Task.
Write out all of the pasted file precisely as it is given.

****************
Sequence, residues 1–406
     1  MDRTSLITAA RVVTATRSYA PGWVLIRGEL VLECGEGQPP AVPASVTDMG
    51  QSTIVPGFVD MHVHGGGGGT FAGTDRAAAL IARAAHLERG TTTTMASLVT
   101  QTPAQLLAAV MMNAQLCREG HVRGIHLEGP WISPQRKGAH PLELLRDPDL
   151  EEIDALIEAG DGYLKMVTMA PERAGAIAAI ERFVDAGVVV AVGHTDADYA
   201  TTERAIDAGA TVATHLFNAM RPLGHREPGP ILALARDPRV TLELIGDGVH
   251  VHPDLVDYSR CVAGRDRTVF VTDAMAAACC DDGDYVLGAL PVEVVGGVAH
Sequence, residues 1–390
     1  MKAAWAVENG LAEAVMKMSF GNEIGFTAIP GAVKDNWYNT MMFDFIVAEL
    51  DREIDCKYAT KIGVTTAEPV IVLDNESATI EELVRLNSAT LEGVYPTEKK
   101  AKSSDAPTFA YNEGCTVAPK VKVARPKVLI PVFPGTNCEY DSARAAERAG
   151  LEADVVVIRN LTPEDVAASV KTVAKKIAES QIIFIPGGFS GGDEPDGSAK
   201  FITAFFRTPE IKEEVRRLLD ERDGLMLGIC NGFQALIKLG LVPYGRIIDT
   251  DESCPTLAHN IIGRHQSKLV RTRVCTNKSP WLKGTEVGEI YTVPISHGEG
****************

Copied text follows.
Sequence, residues 1–406
     1  MDRTSLITAA RVVTATRSYA PGWVLIRGEL VLECGEGQPP AVPASVTDMG
    51  QSTIVPGFVD MHVHGGGGGT FAGTDRAAAL IARAAHLERG TTTTMASLVT
   101  QTPAQLLAAV MMNAQLCREG HVRGIHLEGP WISPQRKGAH PLELLRDPDL
   151  EEIDALIEAG DGYLKMVTMA PERAGAIAAI ERFVDAGVVV AVGHTDADYA
   201  TTERAIDAGA TVATHLFNAM RPLGHREPGP ILALARDPRV TLELIGDGVH
   251  VHPDLVDYSR CVAGRDRTVF VTDAMAAACC DDGDYVLGAL PVEVVGGVAH
Sequence, residues 1–390
     1  MKAAWAVENG LAEAVMKMSF GNEIGFTAIP GAVKDNWYNT MMFDFIVAEL
    51  DREIDCKYAT KIGVTTAEPV IVLDNESATI EELVRLNSAT LEGVYPTEKK
   101  AKSSDAPTFA YNEGCTVAPK VKVARPKVLI PVFPGTNCEY DSARAAERAG
   151  LEADVVVIRN LTPEDVAASV KTVAKKIAES QIIFIPGGFS GGDEPDGSAK
   201  FITAFFRTPE IKEEVRRLLD ERDGLMLGIC NGFQALIKLG LVPYGRIIDT
   251  DESCPTLAHN IIGRHQSKLV RTRVCTNKSP WLKGTEVGEI YTVPISHGEG